Insomnia

  • Medical Author:
    Charles Patrick Davis, MD, PhD

    Dr. Charles "Pat" Davis, MD, PhD, is a board certified Emergency Medicine doctor who currently practices as a consultant and staff member for hospitals. He has a PhD in Microbiology (UT at Austin), and the MD (Univ. Texas Medical Branch, Galveston). He is a Clinical Professor (retired) in the Division of Emergency Medicine, UT Health Science Center at San Antonio, and has been the Chief of Emergency Medicine at UT Medical Branch and at UTHSCSA with over 250 publications.

  • Medical Editor: Melissa Conrad Stöppler, MD
    Melissa Conrad Stöppler, MD

    Melissa Conrad Stöppler, MD

    Melissa Conrad Stöppler, MD, is a U.S. board-certified Anatomic Pathologist with subspecialty training in the fields of Experimental and Molecular Pathology. Dr. Stöppler's educational background includes a BA with Highest Distinction from the University of Virginia and an MD from the University of North Carolina. She completed residency training in Anatomic Pathology at Georgetown University followed by subspecialty fellowship training in molecular diagnostics and experimental pathology.

Quick GuideSleep Better, Conquer Insomnia

Sleep Better, Conquer Insomnia

How can stimulus control help with insomnia?

Stimulus control refers to techniques used to help with initiating sleep. These techniques are used to induce an environment in the bedroom that promotes sleep. Some simple steps include:

  • Use the bed only for having sex and sleeping, not working, reading, watching TV, eating, or other mentally stimulating activities.
  • Go to bed only when you feel ready to sleep.
  • Turn off the lights and all the noise in and around the bedroom.
  • Get up at the same time every morning to avoid over-sleeping.
  • If you do not fall asleep longer than 20 minutes after going to bed, get up and try some relaxation techniques until you are ready to sleep again.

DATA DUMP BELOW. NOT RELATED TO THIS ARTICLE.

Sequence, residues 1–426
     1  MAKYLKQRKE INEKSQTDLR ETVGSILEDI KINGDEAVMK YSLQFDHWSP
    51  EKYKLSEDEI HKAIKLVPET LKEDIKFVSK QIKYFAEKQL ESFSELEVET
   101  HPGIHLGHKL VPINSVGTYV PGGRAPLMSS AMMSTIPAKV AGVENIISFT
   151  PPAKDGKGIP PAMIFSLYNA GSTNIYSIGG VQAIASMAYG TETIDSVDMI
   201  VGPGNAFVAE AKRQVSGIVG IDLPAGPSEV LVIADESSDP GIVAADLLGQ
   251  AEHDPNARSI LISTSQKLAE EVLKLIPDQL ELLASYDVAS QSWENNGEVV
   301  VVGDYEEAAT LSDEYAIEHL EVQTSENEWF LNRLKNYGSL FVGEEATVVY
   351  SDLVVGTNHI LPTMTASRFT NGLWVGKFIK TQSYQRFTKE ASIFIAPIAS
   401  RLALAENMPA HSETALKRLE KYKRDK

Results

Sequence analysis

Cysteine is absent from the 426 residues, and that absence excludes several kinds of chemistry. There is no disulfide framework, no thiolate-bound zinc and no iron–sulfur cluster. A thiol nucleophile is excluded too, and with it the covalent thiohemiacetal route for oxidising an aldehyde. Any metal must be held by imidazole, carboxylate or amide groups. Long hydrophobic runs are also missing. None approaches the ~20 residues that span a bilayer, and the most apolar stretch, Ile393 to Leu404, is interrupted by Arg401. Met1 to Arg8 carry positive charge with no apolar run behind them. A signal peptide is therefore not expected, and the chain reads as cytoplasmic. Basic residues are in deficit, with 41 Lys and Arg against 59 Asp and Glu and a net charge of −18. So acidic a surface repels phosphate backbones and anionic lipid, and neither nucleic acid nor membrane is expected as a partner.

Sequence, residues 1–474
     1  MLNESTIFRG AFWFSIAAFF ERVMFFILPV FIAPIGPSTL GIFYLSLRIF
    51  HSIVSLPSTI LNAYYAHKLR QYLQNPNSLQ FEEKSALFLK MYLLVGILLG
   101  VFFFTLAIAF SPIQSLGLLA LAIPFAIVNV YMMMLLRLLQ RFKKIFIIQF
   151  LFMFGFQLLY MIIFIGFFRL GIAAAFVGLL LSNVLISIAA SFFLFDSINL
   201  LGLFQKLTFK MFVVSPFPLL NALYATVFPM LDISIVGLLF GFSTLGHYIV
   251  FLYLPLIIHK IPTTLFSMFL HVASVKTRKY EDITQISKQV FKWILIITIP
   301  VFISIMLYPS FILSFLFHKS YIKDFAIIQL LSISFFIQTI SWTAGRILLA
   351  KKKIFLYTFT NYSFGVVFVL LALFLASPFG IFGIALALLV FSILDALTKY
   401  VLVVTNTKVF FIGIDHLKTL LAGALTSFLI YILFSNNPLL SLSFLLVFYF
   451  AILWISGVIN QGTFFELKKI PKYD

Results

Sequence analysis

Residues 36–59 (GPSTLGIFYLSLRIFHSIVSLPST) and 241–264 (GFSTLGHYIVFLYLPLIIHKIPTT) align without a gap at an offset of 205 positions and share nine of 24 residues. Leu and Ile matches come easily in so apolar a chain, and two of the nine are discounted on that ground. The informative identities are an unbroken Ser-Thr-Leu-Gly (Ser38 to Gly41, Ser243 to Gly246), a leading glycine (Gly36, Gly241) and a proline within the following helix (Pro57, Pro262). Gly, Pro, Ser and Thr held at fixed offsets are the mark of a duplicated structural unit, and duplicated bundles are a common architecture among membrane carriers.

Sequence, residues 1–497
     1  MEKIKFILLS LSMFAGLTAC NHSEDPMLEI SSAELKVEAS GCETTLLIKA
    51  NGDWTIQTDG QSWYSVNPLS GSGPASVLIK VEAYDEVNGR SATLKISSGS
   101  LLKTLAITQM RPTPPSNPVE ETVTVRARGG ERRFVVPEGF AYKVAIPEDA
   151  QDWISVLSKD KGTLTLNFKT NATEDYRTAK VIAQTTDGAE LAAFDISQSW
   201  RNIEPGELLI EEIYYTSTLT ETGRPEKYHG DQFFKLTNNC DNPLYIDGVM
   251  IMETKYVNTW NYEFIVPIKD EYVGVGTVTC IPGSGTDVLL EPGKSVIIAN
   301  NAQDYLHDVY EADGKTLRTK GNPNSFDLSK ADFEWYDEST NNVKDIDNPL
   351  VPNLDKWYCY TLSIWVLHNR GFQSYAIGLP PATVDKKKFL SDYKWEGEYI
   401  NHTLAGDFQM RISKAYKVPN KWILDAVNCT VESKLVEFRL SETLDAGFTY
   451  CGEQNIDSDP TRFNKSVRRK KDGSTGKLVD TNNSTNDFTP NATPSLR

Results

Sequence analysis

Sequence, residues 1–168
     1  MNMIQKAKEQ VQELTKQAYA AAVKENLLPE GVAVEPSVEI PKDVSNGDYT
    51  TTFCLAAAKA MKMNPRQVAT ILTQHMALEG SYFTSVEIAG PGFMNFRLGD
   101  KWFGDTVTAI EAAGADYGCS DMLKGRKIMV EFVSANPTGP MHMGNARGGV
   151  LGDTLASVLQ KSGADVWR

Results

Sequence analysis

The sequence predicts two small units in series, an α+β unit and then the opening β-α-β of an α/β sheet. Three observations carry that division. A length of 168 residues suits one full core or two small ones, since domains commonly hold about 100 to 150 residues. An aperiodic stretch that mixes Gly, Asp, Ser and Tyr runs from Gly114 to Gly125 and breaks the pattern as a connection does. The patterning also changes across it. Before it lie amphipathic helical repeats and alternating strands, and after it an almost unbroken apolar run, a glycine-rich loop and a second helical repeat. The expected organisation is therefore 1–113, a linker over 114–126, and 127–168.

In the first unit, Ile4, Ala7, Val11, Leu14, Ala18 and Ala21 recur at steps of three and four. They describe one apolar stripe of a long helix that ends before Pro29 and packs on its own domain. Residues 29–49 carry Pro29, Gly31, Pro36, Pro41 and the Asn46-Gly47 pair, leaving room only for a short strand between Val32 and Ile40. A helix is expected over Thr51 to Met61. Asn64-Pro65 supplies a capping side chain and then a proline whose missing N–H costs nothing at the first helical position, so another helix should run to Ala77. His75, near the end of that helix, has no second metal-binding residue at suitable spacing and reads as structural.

Relaxation techniques, which are also a part of non-medical therapy for insomnia, involve sitting or lying comfortably and relaxing muscles of the body in one area at time. This may be combined with deep, relaxed breathing to promote further body relaxation.

What is sleep restriction?

Sleep restriction refers another non-medical behavioral therapy for insomnia which involves limiting the time spent in bed for sleeping only. Many people with insomnia may stay in bed for a long time after they wake up in the morning. This over-sleeping may disrupt the circadian rhythm and make sleep initiation more difficult the following night.

Sleep logs are used to record the actual time spent sleeping each night, and the time spent in bed is gradually reduced to the exact time spent sleeping by shortening the total time in bed. This method gradually reduces and eliminates over-sleeping over a period of time. It also increases the drive to sleep and makes sleep more efficient, as the time spent in bed approximates the duration of sleep.

Medically Reviewed by a Doctor on 11/23/2015

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